Touro Recent Graduate, with Deputy Chairperson of Psychology of Touro College’s School for Lifelong Education, Present New Autism Research in San Diego, Nov. 11

Date: November 29, 2010
Media Contact:

Barbara Franklin
Director of Communications
212-463-0400 x5530

New York, N.Y. – Beatrice Bleier, a recent graduate of Touro College’s School for Lifelong Education (SLE), and Dr. Faye Walkenfeld, assistant professor and deputy chairperson of psychology at the school, recently participated in an interactive academic presentation at a conference titled, “A Brain Research Meeting: The Emerging Neuroscience of Autism Spectrum Disorders: Etiologic Insights, Treatment Opportunities,” which was held Nov. 10-11, in San Diego, California

The conference reviewed current knowledge about the causes and symptoms of various forms of autism. Ms. Bleier and Dr. Walkenfeld’s research project, entitled “Enlarged Brain Size in Autism and Its Relationship to Local Bias,” focuses on how researchers might be able to identify a specific form of autism early in infancy so that proper interventions can begin as early as possible in a child’s development.

“Our research may ultimately make it easier for physicians to diagnose this particular form of autism, which typically is characterized by a visibly enlarged head,” explained Dr. Walkenfeld. “This physical evidence could allow earlier detection of the disease, before typical behavioral symptoms become apparent.

The presentation was part of a two-day satellite event held prior to the 2010 Society for Neuroscience’s Annual Meeting, also in San Diego, and was organized by Elsevier, publisher of the supporting journal, Brain Research. The research project is Ms. Bleier’s first publication. Dr. Walkenfeld’s previous publications and presentations have focused on memory and cognitive development.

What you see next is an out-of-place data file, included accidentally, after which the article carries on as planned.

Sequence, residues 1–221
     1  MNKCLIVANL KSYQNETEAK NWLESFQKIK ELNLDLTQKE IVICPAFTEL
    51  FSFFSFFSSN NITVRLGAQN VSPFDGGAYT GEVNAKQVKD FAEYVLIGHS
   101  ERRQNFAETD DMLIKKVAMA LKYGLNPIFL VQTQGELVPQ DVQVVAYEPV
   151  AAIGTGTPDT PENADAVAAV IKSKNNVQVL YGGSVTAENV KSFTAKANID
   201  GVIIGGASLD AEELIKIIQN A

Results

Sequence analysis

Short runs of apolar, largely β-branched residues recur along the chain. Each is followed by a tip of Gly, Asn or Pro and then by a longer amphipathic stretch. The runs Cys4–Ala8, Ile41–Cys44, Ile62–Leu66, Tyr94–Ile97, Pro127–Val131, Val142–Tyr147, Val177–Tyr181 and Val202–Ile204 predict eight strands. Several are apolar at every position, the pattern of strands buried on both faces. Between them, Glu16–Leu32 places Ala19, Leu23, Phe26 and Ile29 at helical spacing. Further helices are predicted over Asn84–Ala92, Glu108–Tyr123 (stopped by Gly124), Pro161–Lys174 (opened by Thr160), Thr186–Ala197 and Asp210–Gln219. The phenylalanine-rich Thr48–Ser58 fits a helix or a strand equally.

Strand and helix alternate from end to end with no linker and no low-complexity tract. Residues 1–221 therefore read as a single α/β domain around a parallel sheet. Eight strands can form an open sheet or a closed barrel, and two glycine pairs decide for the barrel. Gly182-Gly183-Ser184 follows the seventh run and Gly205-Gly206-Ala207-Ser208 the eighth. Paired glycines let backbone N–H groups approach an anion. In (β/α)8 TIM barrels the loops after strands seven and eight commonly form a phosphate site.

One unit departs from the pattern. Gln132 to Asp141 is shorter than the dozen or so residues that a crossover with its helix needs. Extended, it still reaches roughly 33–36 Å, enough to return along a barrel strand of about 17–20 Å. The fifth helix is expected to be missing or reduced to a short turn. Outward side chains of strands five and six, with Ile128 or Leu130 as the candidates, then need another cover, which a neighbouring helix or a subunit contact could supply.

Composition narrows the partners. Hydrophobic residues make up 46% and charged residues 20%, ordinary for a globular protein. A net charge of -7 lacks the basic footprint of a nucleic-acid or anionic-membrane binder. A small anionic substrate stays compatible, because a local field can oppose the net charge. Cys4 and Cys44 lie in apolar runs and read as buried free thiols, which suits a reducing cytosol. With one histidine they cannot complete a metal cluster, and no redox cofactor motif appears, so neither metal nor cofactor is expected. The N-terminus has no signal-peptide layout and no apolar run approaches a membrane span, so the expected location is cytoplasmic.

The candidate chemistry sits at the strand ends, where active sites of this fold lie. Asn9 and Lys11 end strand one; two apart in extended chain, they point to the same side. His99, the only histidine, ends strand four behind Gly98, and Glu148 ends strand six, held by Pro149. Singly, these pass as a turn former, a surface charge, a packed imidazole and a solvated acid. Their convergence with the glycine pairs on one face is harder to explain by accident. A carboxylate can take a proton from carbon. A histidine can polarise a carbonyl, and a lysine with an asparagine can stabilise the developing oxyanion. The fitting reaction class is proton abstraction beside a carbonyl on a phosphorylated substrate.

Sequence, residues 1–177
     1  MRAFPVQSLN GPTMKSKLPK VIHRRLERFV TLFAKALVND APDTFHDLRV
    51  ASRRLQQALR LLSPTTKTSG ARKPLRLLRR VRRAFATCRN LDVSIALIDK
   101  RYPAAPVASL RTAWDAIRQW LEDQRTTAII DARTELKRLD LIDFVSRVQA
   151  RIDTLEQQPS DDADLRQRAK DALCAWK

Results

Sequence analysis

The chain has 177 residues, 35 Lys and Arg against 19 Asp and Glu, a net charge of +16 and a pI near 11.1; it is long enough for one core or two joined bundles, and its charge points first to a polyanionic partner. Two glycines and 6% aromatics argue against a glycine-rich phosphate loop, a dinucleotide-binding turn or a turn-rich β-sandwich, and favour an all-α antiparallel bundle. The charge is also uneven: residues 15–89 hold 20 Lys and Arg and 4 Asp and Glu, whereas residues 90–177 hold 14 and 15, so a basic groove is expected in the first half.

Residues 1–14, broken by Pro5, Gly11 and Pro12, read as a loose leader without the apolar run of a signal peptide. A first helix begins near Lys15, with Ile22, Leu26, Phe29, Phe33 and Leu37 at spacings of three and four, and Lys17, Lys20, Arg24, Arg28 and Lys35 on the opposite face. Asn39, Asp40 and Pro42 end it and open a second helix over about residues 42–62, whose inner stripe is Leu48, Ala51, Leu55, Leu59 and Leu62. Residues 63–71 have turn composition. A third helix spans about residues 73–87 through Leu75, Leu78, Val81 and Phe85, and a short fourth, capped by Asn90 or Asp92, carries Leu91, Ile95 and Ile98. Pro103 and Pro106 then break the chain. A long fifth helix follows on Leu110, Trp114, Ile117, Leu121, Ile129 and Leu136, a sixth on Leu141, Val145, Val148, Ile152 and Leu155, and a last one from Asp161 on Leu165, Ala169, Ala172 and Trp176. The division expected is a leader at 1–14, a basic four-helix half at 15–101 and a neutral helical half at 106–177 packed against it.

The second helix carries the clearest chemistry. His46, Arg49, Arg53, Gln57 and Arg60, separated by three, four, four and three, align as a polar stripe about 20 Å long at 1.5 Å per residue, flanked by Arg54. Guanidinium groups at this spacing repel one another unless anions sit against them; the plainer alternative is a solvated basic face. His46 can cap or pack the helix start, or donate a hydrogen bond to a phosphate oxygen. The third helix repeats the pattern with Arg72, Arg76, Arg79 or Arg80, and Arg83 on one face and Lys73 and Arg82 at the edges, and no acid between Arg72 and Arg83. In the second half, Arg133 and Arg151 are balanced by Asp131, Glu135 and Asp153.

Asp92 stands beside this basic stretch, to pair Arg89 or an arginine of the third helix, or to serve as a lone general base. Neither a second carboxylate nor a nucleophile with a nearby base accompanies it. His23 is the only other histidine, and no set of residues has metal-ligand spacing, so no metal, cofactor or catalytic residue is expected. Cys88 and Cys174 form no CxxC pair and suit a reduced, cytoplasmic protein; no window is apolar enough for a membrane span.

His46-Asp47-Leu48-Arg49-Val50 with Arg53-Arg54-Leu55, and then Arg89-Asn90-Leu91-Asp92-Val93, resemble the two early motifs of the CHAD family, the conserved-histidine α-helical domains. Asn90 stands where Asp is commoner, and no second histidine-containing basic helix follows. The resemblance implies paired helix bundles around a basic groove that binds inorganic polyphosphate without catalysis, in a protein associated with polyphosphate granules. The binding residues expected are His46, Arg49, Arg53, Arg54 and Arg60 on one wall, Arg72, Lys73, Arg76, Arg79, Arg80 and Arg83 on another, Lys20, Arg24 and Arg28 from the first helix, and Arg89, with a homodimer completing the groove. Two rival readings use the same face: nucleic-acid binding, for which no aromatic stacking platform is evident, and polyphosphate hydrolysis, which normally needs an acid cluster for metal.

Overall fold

“School for Lifelong Education faculty members and advisors are personally involved with students to encourage their interests and help them reach their potential,” stated Shoshana Grun, director of the School for Lifelong Education. “Dr. Walkenfeld’s work with Ms. Bleier is a wonderful example.”

A resident of Rockland County, N.Y., Ms. Bleier graduated from SLE in Spring 2010 and currently is enrolled in the behavioral neuroscience graduate program at Queens College, N.Y. She is also a research coordinator at Mt. Sinai School of Medicine, studying the possibility that environmental toxins might be contributing to the documented increase in various childhood disorders, such as ADHD and autism.

The School for Lifelong Education was established in 1989 to serve the academic needs of the Hasidic communities, whose unique culture, commitment and lifestyle require bold and innovative approaches to higher learning. The program is open to nontraditional motivated students whose learning is facilitated by alternative modalities of instruction.